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Student Resources for Distance Learning

In general, you will need the following resources at home in order to take online classes:

  • A computer
  • A webcam and microphone (almost all webcams have mics built in)
  • Internet access

Not everyone has those resources at home, so here's some quick information for how you might gather them.


We have a good-sized pool of laptops, primarily PCs, available for checkout from the Solutions Center in Tutt Library. Due to the pandemic, the normal rules on checking out these laptops for 2 weeks can be altered so you are able to keep them much longer.

  • Please only check out a laptop if you need one at home to take online classes - there are only so many to go around and we want to make sure we meet the needs before the wants.
  • If necessary, we can ship you the laptop.
  • If you are a Senior, we'll make arrangements for you to ship the computer back to us.

Webcam and microphone

Most laptops come with a built-in webcam / microphone combo. You may need to enable it or remove your security strip of tape from covering it to use it. If you have a desktop computer at home or otherwise need a webcam and microphone, here's the one we recommend (relatively cheap but good quality):

Note that if you plan to join class sessions from a place with a lot of background noise, you may wish to invest in a headset, which will help with both hearing and other people hearing you in those situations. Here is our recommended headset (cheap but good quality):

Internet access

If you're having trouble with slow internet at home, start with our home internet issues page.

Most cell phones (and plans) have the option to turn your phone into a "mobile hotspot." Once turned on, you can join devices to that wireless network put out by your phone and use the cellular plan for internet connectivity. Note that this option depends on good cellular signal and it will use more data than usual - if you use this option, we recommend you keep an eye on your data usage so you don't have an unexpectedly large charge for data overage.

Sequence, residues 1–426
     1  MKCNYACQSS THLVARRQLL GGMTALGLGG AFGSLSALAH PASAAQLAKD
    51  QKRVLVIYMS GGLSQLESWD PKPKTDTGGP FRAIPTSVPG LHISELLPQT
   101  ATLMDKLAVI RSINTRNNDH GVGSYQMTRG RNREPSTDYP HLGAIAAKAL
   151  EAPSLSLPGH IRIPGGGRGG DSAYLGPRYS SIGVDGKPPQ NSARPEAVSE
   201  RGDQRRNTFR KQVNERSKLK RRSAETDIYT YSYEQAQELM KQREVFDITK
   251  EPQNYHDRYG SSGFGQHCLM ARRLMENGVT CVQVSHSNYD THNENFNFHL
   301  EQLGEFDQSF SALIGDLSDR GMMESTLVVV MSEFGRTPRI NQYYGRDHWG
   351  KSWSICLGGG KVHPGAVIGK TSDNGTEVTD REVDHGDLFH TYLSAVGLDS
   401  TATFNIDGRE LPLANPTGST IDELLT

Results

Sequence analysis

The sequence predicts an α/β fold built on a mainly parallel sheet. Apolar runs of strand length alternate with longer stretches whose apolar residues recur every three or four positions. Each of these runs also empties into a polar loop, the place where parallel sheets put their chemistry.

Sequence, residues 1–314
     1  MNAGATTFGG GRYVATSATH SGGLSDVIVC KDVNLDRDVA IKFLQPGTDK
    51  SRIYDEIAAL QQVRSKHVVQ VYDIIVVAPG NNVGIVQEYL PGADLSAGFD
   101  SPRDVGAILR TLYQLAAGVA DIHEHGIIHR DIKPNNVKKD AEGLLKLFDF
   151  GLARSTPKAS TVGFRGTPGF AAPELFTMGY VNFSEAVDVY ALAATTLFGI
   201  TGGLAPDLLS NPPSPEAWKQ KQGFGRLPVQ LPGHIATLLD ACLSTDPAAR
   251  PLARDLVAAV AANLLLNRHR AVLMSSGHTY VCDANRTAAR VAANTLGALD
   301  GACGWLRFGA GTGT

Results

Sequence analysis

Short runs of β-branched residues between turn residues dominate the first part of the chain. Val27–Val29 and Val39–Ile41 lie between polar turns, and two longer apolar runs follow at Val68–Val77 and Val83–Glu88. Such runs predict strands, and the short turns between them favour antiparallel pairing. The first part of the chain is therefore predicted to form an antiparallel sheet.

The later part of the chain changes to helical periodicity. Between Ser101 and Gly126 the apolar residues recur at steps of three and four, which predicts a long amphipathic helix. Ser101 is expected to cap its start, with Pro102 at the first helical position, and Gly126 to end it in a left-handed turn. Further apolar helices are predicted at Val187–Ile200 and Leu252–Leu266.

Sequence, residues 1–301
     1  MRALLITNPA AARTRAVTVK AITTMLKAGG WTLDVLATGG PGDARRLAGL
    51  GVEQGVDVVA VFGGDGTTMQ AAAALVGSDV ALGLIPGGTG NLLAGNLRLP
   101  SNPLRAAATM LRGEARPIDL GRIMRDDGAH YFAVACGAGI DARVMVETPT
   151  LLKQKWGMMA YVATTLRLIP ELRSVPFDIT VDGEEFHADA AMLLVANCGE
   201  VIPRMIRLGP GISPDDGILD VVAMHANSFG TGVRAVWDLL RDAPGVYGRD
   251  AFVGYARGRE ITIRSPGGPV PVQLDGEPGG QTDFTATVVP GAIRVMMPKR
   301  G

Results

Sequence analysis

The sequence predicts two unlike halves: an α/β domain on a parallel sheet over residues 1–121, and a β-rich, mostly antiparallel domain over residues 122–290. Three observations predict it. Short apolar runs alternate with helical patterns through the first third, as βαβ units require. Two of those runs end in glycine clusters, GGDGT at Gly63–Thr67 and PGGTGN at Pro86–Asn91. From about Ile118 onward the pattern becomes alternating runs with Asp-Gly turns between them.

Most cellular providers also provide a device that serves as a hotspot - they have plans which go with them, but those plans are cheaper than a cell phone plan. In these cases, you'll also have to buy the device, which is usually around $80. This option also depends on good cellular signal.

Internet providers have started announcing various packages to help with those who don't have internet or have slow internet at home. Here's a list so far of what they're doing
  • FCC agreement stating that providers will waive late fees, not cutoff service for lack of payment, and open hot-spots.
  • Charter Free Internet offer for 2 months
  • AT&T COVID-19 response: offers open hot-spots, unlimited data to existing customers, and $10/month plans to low income families
  • Verizon COVID-19 response: no special offers, but following the FCC agreement.
  • Sprint COVID-19 response: follows FCC agreement, provides unlimited data to existing customers, and, starting Tuesday, 3/17/2020, will allow all handsets to enable hot-spots for 60 days at no extra charge (I expect others will follow).
  • T-Mobile COVID-19 response: follows FCC agreement, plus unlimited data to existing customers, and, coming soon, will allow all handsets to enable hot-spots for 60 days at no extra charge (I expect others will follow).

Comcast has developed a comprehensive COVID-19 response to keep individuals and families connected to the Internet, including:

  1. Internet Essentials Free to New Customers: Speeds will increase to 25 Mbps downstream and 3 Mbps upstream for all new and existing customers. New families who connect will receive 60 days of Internet service for free. The Internet Essentials program is normally available to all qualified low-income households in Comcast's service area for $9.95/month.
  2. Xfinity WiFi Hotspots Free for Everyone: Xfinity WiFi hotspots across the country will be available to anyone who needs them for free - including non-Xfinity Internet subscribers. For a map of Xfinity WiFi hotspots, visit Once at a hotspot, select the "xfinitywifi" network name in the list of available hotspots and then launch a browser to connect.

Comcast is also pausing their data plan for 60 days to give all customers unlimited data for no additional charge, committing to no disconnects or late fees, providing 24x7 network monitoring, and making current movies from Universal Pictures available at home the same day as their global theatrical release.

For a full list of Comcast's comprehensive response, please visit

Other resources

If you don't have access to a printer at home and prefer to read on printed pages, you can print on campus before you leave if you can get access to some or all of the class materials before you head out. Otherwise, we'd recommend checking with public libraries - they will often let you print a certain amount for free and/or charge a minimal fee for printing.

See our page on connecting from off campus for more information and instructions on how to use VMWare to connect to virtual lab resources. Depending on your course, you may need to do this in order to access specialized software that is not installed on your computer.

Your professor is likely to use Zoom or Webex to conduct synchronous portions of the class.

Last updated: 12/30/2020

719.389.6449 (during business hours)
After hours emergency phone
For after-hours help with Canvas, call Canvas Support at 855.740.0505
Solutions Center in Tutt Library
first floor on the east side

Mon-Fri: 8 AM - 5 PM